A two parts tutorial on Fourier series. In the first part an example is used to show how Fourier coefficients are calculated and in a second part you may use an applet to further explore Fourier series of the same function.
Fourier series may be used to represent periodic functions as a linear combination of sine and cosine functions. If f(t) is a periodic function of period T, then under certain conditions, its Fourier series is given by:
where n = 1 , 2 , 3 , ... and T is the period of function f(t). an and bn are called Fourier coefficients and are given by
Example : Find the Fourier series of the periodic function f(t) defined by
Solution to the above example
Coefficient a0 is given by
Coefficients an is given by
And coefficients bn is given by
A computation of the above coefficients gives
a0 = 0 , an = 0 and bn = [ 2 / (n*pi) ] [ 1 - cos (n pi) ]
Note that cos (n pi) may be written as
cos (n pi) = (-1)n
and that bn = 0 whenever n is even.
The given function f(t) has the following Fourier series
Now below is an applet that may be used to explore the Fourier series of f(t) defined above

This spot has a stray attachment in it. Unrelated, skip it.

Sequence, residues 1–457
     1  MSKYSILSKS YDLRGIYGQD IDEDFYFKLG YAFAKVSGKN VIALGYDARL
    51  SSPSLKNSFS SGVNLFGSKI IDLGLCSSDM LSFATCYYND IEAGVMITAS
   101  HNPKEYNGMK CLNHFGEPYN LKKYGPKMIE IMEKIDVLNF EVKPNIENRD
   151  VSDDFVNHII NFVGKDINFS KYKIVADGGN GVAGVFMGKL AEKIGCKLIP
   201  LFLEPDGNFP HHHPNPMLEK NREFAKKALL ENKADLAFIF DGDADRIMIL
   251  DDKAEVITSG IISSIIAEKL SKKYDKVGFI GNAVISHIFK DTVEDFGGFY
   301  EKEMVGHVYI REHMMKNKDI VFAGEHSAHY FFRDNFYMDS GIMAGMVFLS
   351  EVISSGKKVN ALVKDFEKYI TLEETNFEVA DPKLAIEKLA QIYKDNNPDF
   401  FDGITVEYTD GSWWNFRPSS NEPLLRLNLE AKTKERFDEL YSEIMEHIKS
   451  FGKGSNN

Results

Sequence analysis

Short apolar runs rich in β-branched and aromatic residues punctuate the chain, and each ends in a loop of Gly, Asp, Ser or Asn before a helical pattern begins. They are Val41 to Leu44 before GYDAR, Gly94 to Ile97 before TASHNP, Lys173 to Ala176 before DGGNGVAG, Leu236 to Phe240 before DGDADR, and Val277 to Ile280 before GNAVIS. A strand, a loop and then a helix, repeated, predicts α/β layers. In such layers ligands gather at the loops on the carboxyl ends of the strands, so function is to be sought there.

click on the button above "click here to start" and MAXIMIZE the window obtained.
1 - When the applet is first started, only f(t) (in blue) is displayed.
2 - Use the slider N to increases the number of terms in the series and see how the Fourier series (in red) gives a close approximation to function f(t) as the number of terms N in the series increases. Note also how the amplitude and period of the harmonics (in black) change with N. Although Fourier series are infinite, only few harmonics (terms in the series) are enough for a good approximation of f(t).
3 - You may zoom in and out and see closely what happens where f(t) is discontinuous.
4 - You may use the slider b to change the period of function f(t). Period T is given by T = 2 pi / b.